Such a thing as a good big bank?Submitted by abwrp2012 on Fri, 07/06/2012 - 14:05
Hopefully this doesn't get thumbed down. But I wanted to share a story about a decent "big bank".
A certain relative of mine is the CFO of one of the largest banks in the US. It's not a bank that makes headlines yet they are pretty big by their sector's standards.
Prior to the Recession they doing very well by making very careful investments, keeping all their loans and servicing each themselves. They had acquired a few local banks to expand their market. They didn't do zero down loans and in fact averaged somewhere around 40% downpayments from their customers. They were so efficient and non-wasteful in their spending that they could afford to give out above average interest rates in their savings accounts. Here's their downfall (or rather what brought them off the mountain top):
1. The government forces banks to give out a certain percentage of their loans to higher risk, lower economically capable applicants, in the name of not squashing them out of the American Dream. On the surface seems like a good idea, otherwise the banks could keep only the elite owning property and everyone else paying rent. But alas they were forced to give out a percentage of their mortages that could possibly be called subprime.
2. Once the economy collapsed, there were bailouts left and right. This bank did not participate in TARP. However because of their decades of success and growth, they were large enough to be forced to pay into that bailout fund. After paying $350M in state and federal taxes, they had to pay $60M in FDIC assessments to pay for failed banks, and then $45M to help pay for the bailouts, that they would not be receiving themselves since they hadn't been to risky. So they pay a fee for doing business (taxes), then pay a fee to be a member in case they fail, and then finally pay another fee to help fund the bailout of the ones that are too big to fail. Try doing that to all the local small businesses that are successful and see if you get re-elected!
3. When the economy kept getting worse and worse, eventually those risky mortgages had some failures. Nevermind that it was a small fraction of their total portfolio, less than the average. Nevermind that their prudent stance on larger downpayments was helping to offset the losses. It didn't matter people lumped them in with the rest of the big banks and said they were crooks. Now they were paying for the risk they were forced to take on yet didn't want to.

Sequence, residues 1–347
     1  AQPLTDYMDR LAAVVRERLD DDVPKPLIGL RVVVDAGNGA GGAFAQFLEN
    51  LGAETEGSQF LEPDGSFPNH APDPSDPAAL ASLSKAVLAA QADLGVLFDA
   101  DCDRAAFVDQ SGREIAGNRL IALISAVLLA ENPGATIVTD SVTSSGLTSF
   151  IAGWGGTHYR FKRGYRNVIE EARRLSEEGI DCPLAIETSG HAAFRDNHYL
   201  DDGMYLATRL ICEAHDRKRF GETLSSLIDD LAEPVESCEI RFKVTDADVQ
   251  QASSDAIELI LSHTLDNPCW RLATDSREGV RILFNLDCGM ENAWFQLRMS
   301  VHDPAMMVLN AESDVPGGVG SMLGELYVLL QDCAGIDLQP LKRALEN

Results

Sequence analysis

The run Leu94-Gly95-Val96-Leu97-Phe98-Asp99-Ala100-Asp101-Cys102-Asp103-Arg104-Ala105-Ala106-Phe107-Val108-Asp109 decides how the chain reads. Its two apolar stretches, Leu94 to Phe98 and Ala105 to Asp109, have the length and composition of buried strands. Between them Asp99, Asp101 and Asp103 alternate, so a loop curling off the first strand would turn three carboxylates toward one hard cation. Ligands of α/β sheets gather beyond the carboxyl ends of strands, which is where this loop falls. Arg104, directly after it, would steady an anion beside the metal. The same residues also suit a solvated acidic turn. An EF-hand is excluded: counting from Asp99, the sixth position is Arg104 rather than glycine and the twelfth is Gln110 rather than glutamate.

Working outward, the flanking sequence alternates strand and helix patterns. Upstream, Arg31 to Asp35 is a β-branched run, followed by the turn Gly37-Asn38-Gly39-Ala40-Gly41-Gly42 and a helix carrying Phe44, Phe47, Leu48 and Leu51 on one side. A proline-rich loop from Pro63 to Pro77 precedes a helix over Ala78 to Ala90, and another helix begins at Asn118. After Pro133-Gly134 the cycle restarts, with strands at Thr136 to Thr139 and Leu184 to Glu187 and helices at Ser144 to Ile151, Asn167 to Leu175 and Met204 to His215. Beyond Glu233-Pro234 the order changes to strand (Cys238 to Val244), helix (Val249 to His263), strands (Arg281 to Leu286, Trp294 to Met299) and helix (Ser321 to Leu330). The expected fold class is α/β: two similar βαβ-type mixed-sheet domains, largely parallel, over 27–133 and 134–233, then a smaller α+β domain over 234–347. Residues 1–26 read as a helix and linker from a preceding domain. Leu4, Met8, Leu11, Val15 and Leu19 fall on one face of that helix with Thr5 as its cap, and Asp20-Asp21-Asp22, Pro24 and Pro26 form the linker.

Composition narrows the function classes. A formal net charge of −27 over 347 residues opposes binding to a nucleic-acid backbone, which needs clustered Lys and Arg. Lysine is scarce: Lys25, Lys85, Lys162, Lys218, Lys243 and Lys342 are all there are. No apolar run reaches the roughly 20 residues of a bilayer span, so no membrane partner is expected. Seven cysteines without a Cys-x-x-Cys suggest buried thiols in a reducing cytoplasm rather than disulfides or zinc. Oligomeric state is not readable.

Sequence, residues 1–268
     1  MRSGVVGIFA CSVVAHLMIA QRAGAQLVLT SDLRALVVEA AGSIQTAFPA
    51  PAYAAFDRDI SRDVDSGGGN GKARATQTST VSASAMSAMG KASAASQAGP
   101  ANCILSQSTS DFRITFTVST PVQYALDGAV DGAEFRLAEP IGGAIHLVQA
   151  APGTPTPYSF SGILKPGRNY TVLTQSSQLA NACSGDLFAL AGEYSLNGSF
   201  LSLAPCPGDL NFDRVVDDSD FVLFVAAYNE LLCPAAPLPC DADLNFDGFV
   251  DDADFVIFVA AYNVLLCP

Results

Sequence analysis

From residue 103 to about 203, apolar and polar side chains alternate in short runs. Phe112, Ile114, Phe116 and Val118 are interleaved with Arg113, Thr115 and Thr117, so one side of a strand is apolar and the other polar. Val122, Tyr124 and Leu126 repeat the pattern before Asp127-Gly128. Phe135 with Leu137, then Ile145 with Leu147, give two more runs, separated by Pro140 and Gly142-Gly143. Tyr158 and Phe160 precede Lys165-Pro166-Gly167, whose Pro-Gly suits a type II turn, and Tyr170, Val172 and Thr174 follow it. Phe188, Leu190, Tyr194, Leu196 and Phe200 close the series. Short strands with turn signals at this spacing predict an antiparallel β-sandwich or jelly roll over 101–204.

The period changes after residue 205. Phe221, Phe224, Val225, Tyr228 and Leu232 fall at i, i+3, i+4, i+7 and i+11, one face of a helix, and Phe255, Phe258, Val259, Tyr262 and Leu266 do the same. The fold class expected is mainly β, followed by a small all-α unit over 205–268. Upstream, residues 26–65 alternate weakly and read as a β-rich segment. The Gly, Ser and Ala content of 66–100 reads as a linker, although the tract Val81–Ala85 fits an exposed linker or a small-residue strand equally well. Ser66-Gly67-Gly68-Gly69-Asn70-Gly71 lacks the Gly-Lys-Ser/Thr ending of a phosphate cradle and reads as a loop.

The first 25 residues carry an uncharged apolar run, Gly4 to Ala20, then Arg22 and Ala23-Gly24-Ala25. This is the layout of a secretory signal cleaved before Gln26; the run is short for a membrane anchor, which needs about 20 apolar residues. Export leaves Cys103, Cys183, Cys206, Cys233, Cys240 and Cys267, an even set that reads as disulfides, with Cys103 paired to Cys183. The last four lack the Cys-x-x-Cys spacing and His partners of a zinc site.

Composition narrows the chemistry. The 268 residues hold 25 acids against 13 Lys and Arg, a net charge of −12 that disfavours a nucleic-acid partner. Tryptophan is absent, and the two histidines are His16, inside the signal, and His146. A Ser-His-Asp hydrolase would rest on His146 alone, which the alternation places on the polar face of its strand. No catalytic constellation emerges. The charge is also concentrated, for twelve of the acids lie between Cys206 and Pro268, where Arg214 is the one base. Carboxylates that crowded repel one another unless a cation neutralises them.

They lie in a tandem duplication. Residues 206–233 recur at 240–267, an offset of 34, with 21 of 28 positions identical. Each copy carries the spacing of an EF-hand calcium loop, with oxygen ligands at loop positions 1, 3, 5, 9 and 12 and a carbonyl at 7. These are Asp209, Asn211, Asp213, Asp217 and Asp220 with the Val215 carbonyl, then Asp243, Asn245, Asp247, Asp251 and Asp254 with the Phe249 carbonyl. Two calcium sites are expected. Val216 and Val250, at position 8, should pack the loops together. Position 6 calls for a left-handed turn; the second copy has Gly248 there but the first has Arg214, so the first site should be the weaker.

4. Remember those high interest rates they were paying to depositors? They've lost a ton of them. First because the savings rates were affected artificially to the point where they cannot keep up with the tiny fractions and their efficiency simply doesn't gather much attention anymore. Their spread over others is smaller now that rates are being forced so low.
5. And remember the quality mortgages they were issuing? All the good mortgages people signed and were paying off, those people refinanced elsewhere with the big banks that were forced to by the government. Imagine selling a mortgage at 5% interest rate that someone was happy and could pay, but then the government said to competitors - you have to offer 4% so that the people you screwed can refinance at a lower rate. Now this good bank's quality mortgages set to provide good values to it's stockholders for years to come were disappearing left and right because the company couldn't afford to artificially drop their rates like the government was forcing others too.
In the end - my relative lost over 50% of his savings since he did the good thing and didn't sell out and cash out his company stock when he saw this coming. Their stock has dropped roughly 65%, 70% at it's worst. In addition they've had to lower their dividends, further hurting the stockholders.
Here's the irony of all this: before I knew how this was all playing out, I refinanced my mortgage 4 times in 14 months with zero closing costs, each time when the rates kept dropping and always with a lender who sold it to a big bank. My relative's bank could not do business with me because they had to pull back plans to expand into my state once their revenue dropped due to the above reasons. So now this bank cannot do as much business as they were primed to do.
There are two obvious points: 1-not all big banks are the same. 2-the government screwed the good guys in order to bail out the bad guys!